The initiative faces political roadblocks, however, from opponents such as Governor Schwarzenegger and Atty. General Bill Lockyear who argue that judges already have the discretion to limit overlong sentences. A coalition of law-enforcement groups also claim that the new law could lead to the early release of 26,000 convicts.
"People in California passed three-strikes because they didn't feel safe in their homes and communities," says Carol Norris, president of the California Probation, Parole and Corrections Association. "Crime is down, which proves to us the law is doing what it was supposed to do. We don't want to reverse that progress."
Because of the split between citizens, politicians, and some justice organizations, other observers say the pendulum may swing away from the initiative when voters take a closer look at the consequences and cost savings.
Despite all the activity on several fronts to examine costs, sentencing, overcrowding, and procedure, several observers say California's prison reformers have an uphill battle against the California Correctional Peace Officers Association - the prison guard union - and local communities and politicians who have a stake in the prisons they have spent the past two decades building.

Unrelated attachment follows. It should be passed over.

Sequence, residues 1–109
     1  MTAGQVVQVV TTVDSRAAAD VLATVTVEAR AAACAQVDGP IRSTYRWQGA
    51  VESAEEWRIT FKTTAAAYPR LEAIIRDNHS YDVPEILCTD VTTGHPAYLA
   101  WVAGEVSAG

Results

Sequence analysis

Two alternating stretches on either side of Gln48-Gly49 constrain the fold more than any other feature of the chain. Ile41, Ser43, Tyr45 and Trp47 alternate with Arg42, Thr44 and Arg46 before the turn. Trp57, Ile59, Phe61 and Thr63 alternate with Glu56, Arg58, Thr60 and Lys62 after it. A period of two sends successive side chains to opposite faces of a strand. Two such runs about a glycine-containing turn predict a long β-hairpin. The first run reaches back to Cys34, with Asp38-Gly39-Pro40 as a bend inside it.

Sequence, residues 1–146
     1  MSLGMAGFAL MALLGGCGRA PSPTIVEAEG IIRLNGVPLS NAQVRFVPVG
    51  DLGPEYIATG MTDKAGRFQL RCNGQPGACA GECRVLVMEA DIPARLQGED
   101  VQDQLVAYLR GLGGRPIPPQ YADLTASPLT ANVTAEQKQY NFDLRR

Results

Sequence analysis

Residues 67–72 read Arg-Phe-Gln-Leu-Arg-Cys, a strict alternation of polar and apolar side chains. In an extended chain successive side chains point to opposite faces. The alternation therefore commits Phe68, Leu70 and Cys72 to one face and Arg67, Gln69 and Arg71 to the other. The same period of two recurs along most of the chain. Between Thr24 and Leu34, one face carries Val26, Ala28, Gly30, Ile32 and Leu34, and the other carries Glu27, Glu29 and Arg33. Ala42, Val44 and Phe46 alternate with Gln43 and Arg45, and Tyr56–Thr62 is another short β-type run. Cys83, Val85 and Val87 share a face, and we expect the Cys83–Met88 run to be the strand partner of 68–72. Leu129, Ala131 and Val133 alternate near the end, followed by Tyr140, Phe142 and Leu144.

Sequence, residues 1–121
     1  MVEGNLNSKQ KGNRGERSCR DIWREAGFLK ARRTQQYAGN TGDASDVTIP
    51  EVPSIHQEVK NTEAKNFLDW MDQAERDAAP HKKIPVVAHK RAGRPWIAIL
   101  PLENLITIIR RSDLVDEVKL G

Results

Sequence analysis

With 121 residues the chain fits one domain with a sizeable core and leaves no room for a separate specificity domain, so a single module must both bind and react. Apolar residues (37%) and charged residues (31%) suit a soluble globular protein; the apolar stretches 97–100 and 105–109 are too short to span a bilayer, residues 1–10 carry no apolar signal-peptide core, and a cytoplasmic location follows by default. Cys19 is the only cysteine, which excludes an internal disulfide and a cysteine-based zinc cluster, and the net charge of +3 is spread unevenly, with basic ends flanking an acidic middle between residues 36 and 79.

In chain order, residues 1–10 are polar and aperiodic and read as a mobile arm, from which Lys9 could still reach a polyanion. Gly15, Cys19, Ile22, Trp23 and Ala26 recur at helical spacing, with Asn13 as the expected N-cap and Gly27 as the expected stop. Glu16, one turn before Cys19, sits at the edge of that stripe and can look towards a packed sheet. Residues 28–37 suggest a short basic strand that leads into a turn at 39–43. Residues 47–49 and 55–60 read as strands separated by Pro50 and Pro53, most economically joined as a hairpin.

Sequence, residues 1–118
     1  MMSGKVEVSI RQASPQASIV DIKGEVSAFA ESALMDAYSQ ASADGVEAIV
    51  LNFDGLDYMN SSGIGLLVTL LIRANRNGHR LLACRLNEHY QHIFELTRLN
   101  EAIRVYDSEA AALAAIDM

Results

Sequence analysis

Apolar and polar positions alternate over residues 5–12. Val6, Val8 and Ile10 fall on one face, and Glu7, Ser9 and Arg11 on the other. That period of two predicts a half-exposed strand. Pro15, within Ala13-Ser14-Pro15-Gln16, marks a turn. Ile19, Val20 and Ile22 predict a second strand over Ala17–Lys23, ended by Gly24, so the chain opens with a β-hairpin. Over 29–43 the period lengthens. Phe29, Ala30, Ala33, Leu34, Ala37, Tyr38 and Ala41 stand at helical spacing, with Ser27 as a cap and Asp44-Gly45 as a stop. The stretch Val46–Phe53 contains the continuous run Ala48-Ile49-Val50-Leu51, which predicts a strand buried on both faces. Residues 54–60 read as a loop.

"My sense is that nothing is going to change unless attitudes change, so a lot of those recommendations are not gong to go anywhere," says Senator Steffen.
Still, key officials are optimistic. "The leadership is different, all the stake holders are involved, and both internal and external evaluations are in place," says RoderickHickman, Mr. Schwarzenegger's cabinet-level administrator for prisons. He says collaboration between officials, social organizations, and citizens is making a difference.
"If we can break the cycle of reoffending for criminals, all these sentencing changes don't matter," he says. "Collaboration means you get accountability through the system from arrest to release."